I, like many of you, see more and more absurdity every time I turn on the news or open up my Facebook feed. Acceptance of extreme ideas has become commonplace. So what One Drink, Two Drink, Red Drink, Blue Drink aims to do is heal through humor, calling out the absurdity with sarcasm, wit, and facts, and washing it all down with the occasional (read: frequent) stiff drink to help lubricate the discourse. We also aim to provide solutions, not just moaning out a sob story alone at the end of the bar, but motivating our readers to get out and affect change in the world. So we will be including actionable next steps at the end of of our columns.

I’m not going to spend a lot of time here looking at the election result. What’s done is done, and people who are imminently more qualified than I am will be writing their dissertations on the subject for years to come. I want to look toward the future. A future where both parties need reform. Democrats who have become elitist, complacent, and disconnected. Republicans who have become beholden to an extremist few. Party apparatuses geared more toward monied interest than governance. It’s going to get worse before it gets better, and we’re not going to get through this sober, so, here goes.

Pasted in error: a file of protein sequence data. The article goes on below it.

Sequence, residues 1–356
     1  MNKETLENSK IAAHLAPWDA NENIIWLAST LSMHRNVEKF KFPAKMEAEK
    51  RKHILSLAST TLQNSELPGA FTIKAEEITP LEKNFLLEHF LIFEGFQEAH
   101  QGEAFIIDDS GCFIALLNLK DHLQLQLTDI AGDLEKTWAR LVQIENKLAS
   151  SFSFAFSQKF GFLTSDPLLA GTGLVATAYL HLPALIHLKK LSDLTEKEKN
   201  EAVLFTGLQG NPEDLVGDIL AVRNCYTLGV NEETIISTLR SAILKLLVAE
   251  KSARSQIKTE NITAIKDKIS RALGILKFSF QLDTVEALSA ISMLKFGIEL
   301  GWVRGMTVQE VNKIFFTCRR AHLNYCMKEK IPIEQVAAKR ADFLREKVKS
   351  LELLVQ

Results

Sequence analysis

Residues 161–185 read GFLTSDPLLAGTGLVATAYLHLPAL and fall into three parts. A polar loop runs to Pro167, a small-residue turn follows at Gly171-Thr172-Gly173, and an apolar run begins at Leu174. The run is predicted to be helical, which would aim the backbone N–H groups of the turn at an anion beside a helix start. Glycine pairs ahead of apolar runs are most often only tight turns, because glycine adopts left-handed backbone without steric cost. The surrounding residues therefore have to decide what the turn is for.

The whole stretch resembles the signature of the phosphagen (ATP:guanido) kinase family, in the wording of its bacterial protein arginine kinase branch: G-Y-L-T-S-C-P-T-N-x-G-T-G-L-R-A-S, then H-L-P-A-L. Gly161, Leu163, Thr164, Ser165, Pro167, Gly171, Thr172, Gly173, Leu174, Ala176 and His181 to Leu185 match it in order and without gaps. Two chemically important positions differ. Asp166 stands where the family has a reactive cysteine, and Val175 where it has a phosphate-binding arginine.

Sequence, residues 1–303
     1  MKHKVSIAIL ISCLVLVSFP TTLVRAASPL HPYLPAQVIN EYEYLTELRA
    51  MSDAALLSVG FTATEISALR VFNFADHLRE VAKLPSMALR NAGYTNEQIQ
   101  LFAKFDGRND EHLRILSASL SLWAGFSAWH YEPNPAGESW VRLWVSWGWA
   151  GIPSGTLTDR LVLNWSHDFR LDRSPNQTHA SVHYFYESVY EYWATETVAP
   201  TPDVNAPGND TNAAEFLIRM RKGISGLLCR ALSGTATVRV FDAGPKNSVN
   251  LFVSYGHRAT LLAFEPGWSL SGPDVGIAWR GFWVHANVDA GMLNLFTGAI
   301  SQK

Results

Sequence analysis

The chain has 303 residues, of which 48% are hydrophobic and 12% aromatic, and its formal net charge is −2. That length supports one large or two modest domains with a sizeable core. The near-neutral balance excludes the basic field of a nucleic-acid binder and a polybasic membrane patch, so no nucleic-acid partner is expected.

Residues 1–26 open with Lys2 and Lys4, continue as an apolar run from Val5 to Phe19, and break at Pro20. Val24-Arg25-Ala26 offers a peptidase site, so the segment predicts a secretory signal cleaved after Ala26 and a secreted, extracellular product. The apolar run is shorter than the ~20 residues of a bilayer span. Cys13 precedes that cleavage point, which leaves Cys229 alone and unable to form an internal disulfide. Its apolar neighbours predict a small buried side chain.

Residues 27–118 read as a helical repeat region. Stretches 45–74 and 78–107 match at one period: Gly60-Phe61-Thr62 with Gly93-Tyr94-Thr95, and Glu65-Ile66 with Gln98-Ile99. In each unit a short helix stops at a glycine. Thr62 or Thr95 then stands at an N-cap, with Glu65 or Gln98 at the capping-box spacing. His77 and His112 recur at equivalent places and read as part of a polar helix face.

The Bartender